U.S. Seizes Over 50K Bitcoin Worth $3.3 Billion Linked to Silk Road Dark Web

The U.S. Department of Justice on Monday said it seized 50,676 Bitcoin in November 2021 that was stolen in the 2012 hack of the now-defunct Silk Road dark web marketplace.

The bitcoin, which was obtained in 2012 and valued at $3.36 billion when it was discovered last year, is now worth $1.04 billion.

It’s also one of the largest cryptocurrency seizures to date, followed by the confiscation of $3.36 billion worth of bitcoin earlier this February tied to the 2016 breach of the Bitfinex crypto exchange.

“Mr. Zhong executed a sophisticated scheme designed to steal bitcoin from the notorious Silk Road marketplace,” Tyler Hatcher, IRS-CI special agent in charge, said.

Zhong, according to court documents, executed a scheme in September 2012 to defraud Silk Road by creating nine fraudulent accounts on the platform and triggering over 140 transactions to plunder more than 50,000 Bitcoin before transferring the funds to a number of wallets under his control.

On top of that, Zhong received 50,000 Bitcoin Cash when bitcoin underwent a hard fork in 2017, all of which were subsequently exchanged for an additional 3,500 Bitcoin.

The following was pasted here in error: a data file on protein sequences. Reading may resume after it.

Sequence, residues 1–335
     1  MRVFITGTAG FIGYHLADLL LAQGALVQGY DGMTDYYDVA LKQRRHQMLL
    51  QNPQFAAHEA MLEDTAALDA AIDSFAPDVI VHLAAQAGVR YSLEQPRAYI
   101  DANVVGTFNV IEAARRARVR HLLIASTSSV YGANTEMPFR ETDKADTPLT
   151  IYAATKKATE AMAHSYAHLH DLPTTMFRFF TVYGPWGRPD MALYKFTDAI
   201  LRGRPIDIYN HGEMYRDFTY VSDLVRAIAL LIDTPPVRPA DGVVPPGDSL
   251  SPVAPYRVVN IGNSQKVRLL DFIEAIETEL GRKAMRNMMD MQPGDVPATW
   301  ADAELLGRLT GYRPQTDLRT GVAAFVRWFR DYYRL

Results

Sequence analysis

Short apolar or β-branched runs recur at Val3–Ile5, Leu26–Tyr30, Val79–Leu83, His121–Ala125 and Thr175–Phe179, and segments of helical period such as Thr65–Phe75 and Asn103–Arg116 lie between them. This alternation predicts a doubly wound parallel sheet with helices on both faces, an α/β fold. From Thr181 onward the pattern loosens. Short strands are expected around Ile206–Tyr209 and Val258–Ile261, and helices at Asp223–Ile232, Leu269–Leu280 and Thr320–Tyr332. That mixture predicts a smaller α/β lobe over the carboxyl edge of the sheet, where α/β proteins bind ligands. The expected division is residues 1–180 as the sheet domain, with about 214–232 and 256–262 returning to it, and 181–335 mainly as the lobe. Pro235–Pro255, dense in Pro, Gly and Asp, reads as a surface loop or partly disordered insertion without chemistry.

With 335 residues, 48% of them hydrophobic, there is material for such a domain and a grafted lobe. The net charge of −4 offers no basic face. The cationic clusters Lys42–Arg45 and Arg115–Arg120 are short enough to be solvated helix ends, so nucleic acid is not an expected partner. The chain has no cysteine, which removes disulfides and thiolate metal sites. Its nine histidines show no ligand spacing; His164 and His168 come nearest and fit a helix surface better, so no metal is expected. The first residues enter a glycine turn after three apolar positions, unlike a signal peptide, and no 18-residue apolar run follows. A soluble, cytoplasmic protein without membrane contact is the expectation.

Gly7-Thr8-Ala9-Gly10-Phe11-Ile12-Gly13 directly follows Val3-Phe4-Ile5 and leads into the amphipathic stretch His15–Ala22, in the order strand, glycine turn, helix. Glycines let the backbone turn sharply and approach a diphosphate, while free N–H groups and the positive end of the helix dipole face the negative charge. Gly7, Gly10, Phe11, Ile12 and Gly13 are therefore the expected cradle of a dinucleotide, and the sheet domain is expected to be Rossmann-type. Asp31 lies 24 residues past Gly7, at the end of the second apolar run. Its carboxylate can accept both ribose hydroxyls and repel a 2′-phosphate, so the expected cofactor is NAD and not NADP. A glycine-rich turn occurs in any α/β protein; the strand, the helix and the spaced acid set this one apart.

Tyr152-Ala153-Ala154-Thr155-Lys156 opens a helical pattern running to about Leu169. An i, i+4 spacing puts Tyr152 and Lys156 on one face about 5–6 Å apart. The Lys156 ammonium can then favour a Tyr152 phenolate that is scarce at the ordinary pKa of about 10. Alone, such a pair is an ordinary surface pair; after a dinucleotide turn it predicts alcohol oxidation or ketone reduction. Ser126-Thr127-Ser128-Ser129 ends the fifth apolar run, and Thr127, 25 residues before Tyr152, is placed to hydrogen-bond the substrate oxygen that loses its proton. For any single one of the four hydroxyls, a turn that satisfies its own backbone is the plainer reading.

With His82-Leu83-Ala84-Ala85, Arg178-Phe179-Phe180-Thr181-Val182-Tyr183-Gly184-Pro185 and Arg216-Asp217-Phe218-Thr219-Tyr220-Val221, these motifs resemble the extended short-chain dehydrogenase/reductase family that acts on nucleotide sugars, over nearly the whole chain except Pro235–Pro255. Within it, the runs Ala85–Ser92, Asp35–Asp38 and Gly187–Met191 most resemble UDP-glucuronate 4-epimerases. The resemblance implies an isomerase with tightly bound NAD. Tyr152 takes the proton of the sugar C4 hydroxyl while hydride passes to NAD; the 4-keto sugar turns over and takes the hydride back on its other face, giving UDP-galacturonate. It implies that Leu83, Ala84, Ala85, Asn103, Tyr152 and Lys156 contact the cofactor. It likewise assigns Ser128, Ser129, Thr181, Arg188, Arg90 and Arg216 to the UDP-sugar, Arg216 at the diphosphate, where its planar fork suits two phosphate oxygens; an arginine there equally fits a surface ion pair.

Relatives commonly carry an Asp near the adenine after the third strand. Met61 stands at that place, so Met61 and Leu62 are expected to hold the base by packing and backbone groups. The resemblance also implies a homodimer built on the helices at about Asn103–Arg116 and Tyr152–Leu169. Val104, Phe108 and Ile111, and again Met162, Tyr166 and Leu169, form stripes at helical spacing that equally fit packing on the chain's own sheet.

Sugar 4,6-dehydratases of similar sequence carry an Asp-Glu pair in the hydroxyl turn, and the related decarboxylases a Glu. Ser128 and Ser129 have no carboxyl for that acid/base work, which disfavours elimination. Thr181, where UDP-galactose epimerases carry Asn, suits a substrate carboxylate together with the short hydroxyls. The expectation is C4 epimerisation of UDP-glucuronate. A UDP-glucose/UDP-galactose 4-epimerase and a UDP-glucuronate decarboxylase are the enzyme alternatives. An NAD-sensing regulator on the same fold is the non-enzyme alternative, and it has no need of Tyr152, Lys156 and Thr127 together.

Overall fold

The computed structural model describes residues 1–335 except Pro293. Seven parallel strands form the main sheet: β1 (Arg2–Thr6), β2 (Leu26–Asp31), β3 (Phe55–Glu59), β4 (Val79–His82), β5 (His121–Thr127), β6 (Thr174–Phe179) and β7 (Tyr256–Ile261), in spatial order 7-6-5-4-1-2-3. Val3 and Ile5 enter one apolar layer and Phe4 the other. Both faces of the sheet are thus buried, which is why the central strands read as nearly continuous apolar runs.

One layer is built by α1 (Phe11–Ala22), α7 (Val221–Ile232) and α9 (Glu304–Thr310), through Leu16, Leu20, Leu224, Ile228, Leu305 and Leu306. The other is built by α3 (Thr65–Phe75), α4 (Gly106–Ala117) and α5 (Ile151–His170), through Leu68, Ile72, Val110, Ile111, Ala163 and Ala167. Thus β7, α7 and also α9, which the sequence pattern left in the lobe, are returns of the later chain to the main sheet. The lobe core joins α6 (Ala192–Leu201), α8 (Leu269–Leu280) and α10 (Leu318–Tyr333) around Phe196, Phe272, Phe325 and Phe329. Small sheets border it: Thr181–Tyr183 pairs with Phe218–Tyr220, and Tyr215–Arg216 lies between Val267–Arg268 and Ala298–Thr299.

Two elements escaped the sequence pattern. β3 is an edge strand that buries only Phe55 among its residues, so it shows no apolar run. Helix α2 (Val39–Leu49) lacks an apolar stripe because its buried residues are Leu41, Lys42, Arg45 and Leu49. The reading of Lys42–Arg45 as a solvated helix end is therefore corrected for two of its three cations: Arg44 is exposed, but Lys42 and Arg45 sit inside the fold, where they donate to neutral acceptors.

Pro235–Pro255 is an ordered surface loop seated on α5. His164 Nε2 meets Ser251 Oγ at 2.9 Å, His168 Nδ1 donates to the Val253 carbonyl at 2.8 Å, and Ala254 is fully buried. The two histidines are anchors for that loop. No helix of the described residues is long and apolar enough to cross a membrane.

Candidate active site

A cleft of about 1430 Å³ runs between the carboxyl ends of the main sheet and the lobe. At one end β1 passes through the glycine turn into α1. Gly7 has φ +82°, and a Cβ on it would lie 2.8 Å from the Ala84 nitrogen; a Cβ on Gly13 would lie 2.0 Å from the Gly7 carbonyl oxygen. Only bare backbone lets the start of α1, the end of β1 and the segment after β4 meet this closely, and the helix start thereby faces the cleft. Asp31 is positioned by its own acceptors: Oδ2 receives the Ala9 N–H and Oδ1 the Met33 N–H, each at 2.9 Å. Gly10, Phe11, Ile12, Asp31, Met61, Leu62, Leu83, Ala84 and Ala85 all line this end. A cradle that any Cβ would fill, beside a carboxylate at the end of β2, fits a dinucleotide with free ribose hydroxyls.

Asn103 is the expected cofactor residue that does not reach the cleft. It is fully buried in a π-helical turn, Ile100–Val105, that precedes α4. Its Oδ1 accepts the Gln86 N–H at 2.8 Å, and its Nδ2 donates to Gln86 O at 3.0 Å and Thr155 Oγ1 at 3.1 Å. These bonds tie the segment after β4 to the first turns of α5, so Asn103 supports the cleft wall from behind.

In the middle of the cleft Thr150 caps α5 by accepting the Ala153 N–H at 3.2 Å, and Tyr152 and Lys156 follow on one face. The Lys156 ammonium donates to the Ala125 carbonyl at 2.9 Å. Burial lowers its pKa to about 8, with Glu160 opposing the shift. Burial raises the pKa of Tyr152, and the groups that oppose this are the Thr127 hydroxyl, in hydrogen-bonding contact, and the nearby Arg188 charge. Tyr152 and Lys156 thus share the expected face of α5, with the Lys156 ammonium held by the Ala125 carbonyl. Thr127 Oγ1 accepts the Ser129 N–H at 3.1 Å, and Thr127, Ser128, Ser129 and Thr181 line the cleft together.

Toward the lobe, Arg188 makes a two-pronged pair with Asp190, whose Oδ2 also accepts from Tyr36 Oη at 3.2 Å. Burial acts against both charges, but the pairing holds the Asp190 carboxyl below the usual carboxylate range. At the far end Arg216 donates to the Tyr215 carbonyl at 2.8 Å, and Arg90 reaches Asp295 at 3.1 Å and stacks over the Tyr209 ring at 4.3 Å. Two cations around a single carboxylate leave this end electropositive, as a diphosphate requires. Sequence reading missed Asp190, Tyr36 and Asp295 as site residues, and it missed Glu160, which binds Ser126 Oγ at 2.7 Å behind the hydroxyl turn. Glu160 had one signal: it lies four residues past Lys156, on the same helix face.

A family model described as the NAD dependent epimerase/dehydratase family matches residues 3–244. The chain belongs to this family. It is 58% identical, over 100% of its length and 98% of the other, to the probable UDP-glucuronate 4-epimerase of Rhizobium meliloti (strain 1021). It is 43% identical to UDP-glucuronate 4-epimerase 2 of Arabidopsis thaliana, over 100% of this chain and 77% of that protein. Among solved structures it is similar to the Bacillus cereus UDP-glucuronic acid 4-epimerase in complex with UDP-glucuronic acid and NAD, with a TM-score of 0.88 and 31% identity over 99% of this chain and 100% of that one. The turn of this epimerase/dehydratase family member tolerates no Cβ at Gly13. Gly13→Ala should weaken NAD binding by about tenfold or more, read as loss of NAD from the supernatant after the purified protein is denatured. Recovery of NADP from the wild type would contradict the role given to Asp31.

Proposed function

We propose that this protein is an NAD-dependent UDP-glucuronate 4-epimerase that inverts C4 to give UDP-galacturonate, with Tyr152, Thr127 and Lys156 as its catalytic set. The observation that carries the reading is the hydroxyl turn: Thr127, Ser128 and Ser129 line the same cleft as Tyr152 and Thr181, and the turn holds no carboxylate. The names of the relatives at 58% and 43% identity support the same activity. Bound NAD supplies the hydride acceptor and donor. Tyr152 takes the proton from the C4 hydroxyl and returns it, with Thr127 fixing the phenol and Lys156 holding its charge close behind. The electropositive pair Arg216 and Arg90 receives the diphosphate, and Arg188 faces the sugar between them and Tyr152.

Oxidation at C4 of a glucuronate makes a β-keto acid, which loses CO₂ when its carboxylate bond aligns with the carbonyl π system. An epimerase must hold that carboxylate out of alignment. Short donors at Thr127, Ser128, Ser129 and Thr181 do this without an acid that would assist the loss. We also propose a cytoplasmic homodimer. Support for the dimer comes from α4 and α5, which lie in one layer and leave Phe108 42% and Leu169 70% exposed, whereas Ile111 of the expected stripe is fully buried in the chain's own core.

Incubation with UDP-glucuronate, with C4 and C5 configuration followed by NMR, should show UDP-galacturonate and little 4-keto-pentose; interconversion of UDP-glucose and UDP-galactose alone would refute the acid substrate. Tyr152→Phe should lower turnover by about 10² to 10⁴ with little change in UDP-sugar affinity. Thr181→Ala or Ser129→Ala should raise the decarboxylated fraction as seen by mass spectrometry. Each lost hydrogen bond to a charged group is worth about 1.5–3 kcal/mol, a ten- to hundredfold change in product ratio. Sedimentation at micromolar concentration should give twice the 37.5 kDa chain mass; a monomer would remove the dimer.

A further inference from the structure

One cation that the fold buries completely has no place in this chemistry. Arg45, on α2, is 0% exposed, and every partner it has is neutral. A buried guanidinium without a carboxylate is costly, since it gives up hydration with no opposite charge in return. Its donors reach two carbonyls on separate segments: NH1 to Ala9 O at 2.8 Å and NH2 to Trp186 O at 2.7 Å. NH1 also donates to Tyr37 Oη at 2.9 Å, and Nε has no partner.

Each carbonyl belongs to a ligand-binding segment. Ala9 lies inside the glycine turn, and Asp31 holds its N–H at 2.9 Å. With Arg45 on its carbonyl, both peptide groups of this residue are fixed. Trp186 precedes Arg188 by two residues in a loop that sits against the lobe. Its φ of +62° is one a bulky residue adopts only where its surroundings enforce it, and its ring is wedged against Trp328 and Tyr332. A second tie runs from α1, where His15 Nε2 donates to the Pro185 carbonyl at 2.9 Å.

Share this article on social media:

Subscribe to Our Newsletter!
Stay on top of cybersecurity risks, evolving threats and industry news.
This field is for validation purposes and should be left unchanged.

The Latest Cybersecurity News

From major cyberattacks, newly discovered critical vulnerabilities to recommended best practices, read it here first:

Tell us About your Needs
Get an Answer the Same Business Day

Got an urgent request? Call us at 1-877-805-7475 or Book a meeting.

What happens next:

  • We reach out to learn about your objectives
  • We work together to define your project’s scope
  • You get an all-inclusive, no engagement proposal
This field is for validation purposes and should be left unchanged.


Enter your Email Address

This field is for validation purposes and should be left unchanged.

* No free email provider (e.g: gmail.com, hotmail.com, etc.)



Everything You Need to Know

Gain confidence in your future cybersecurity assessments by learning to effectively plan, scope and execute projects.
This site is registered on wpml.org as a development site. Switch to a production site key to remove this banner.